No, not Prince.
I woke to the news on that Friday morning, the blow surprisingly acute. Prince dead? It was hard to believe and I wasn’t the only one reeling. Well-worn entertainment reporters were in shock, music historians spoke of his genius and labelled him a modern-day Mozart, purists lamented the loss of a truly unique talent. While I’m unable to lay claim to any particular musical expertise, I felt the loss just as keenly. As the day wore on a purple haze descended, taking me all the way back to 1985.
As a teenager I’d loved Prince’s music to the point of obsession. While most of the other girls at school were fawning over pictures of Wham! I’d sworn allegiance to Paisley Park: substance and innovation over manufactured, pretty-boy pop.
Countless hours were spent lying on the floor of my floral-wallpapered, teenage bedroom watching the needle on the record player move from track to track and poring over the lyrics and credits on the 1999 album cover. I couldn’t get enough of his funk infused sound. The loaded words and suggestive dance moves carried more than a whiff of danger. Where I came from, to love Prince was rebellious.
But now more than 30 years later, with Prince gone, I found myself listening, with a new appreciation, to the soundtrack of my adolescence, but this time it was in a very different bedroom.
We’d planned to re-do the 15-year-old’s room for his birthday and, despite the gloom resulting from Prince’s untimely death, we had a deadline to meet and had to push on. The re-vamp became a best-of Prince weekend (although it seemed almost sacrilegious to be washing paint brushes with The Beautiful Ones as accompaniment). It was somewhere between Let’s Go Crazy and Take Me With U, as I was scraping paint spatters off the timber floor, that I had a very real flashback of what it was to be cocooned in a teenage bedroom, door shut to everyone and everything.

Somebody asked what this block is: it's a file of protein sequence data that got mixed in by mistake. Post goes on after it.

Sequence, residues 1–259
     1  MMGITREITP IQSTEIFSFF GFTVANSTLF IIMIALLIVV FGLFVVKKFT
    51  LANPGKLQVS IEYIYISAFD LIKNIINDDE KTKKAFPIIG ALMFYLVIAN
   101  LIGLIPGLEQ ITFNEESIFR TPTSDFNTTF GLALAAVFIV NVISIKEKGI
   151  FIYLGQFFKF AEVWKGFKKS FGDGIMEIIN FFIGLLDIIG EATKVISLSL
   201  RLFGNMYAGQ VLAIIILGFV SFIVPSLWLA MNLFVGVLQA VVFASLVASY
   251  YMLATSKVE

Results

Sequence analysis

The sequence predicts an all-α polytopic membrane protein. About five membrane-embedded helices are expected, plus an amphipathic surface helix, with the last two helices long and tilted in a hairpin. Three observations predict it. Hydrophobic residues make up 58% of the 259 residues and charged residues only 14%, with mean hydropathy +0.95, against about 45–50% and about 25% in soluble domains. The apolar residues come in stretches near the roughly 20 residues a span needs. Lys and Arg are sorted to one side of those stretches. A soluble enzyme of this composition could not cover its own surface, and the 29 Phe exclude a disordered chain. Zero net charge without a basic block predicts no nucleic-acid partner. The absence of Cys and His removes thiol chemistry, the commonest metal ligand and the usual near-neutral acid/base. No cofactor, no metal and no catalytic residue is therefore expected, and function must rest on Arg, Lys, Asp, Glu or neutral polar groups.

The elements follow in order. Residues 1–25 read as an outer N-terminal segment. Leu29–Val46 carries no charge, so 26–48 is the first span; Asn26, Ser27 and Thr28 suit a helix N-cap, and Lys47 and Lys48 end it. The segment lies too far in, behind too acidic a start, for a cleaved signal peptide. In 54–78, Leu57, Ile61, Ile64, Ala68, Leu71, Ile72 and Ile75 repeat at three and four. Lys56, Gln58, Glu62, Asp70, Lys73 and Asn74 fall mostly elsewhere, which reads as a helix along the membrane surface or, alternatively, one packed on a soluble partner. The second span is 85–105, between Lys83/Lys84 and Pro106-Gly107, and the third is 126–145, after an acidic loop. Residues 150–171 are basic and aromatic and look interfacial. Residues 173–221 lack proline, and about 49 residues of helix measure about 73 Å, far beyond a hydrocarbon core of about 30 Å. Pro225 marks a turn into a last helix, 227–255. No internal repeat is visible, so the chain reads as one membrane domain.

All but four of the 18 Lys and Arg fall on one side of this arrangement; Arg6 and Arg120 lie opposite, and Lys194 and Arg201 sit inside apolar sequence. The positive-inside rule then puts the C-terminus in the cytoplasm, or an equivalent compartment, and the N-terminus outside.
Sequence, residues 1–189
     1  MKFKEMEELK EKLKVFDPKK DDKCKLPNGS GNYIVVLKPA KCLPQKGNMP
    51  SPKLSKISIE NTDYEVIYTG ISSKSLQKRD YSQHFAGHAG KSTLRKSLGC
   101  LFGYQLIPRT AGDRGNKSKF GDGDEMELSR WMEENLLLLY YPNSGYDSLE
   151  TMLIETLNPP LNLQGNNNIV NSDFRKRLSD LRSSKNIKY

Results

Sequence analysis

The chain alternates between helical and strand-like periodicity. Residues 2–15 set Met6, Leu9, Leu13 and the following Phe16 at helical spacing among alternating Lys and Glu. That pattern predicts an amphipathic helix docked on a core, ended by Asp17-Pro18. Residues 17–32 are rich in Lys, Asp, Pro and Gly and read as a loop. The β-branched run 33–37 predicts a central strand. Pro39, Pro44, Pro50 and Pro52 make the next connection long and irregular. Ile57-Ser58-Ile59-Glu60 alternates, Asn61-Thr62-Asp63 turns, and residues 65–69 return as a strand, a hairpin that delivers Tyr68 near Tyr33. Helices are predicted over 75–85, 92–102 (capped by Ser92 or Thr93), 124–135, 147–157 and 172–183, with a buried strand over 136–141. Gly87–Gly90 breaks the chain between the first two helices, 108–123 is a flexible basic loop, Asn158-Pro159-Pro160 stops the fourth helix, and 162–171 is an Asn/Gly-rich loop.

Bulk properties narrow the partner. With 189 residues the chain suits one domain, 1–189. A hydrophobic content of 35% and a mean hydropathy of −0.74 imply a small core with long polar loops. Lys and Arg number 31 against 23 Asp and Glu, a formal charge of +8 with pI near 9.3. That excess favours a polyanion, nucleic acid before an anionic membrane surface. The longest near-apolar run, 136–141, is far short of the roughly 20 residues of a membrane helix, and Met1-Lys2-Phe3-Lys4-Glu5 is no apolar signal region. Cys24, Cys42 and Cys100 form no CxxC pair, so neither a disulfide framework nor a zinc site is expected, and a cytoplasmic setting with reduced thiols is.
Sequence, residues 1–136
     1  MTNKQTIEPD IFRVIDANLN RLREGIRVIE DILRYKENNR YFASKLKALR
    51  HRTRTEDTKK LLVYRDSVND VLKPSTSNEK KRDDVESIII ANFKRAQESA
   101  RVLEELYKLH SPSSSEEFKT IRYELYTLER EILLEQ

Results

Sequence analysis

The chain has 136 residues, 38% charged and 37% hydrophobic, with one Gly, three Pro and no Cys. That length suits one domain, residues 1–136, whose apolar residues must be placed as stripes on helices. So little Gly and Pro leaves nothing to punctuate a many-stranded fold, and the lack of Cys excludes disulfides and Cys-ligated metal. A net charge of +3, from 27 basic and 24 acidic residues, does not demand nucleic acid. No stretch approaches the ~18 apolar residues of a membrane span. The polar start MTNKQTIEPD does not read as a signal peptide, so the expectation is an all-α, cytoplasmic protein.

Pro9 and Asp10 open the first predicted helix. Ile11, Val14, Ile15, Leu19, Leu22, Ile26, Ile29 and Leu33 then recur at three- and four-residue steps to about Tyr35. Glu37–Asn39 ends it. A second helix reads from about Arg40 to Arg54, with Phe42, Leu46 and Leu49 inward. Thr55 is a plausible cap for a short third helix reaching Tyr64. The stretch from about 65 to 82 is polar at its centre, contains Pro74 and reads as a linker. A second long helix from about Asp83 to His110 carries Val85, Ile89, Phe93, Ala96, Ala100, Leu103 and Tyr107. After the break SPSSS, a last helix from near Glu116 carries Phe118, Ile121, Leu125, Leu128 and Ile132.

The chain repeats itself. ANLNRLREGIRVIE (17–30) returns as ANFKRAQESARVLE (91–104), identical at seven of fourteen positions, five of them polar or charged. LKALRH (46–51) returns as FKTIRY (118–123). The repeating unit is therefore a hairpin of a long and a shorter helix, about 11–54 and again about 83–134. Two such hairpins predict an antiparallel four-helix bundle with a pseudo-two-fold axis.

The teen bubble: it pretty much dominated my life from 14 to 17 years of age. Vast amounts of time spent mooning about in my bedroom, pondering everything as only a self-indulgent teenager can – all with the incomparable soundtrack of Prince’s early catalogue. Now, as I rolled paint onto my own teenager’s walls, there were vivid memories of that adolescent sense of being consumed.
Consumed by everything. From lyrics (oh god, how could they be so, like, meaningful?!) to a particular riff (the one that would make you lift the needle off the record, move it back a bit, and lower it down, hopefully in the right spot, just to hear that bit again and again). Consumed with the tragedy of love songs that caused tears and an almost physical ache. Nothing Compares 2 U? It devastated me. That teenage world … it’s so extreme.
And suddenly I knew that we weren’t just doing a bedroom makeover. No, it was much more than that - we were creating a new cocoon, a haven: a space for all those heightened emotions, the introspection, the angst. The 15-year-old would be getting not just an amazing new room (although it absolutely is, thanks to Rachael Miklas @design_detail) but a place to retreat from the world. Somewhere to be alone, to play guitar, to sob into a pillow (maybe), to write angsty poems or songs about love (hopefully), to slam the door on his hard-ass but loving parents (surely not).
Who knows what the soundtrack to all this will be? Of course that’s up to him. I like to imagine that in thirty years’ time, maybe when he's doing his own kids' bedroom up, he'll think back to his 15th birthday room reno and the memories will be accompanied by that unique voice, those freakish guitar solos and the sage advice that “if the elevator tries to bring you down, go crazy, punch a higher floor…”.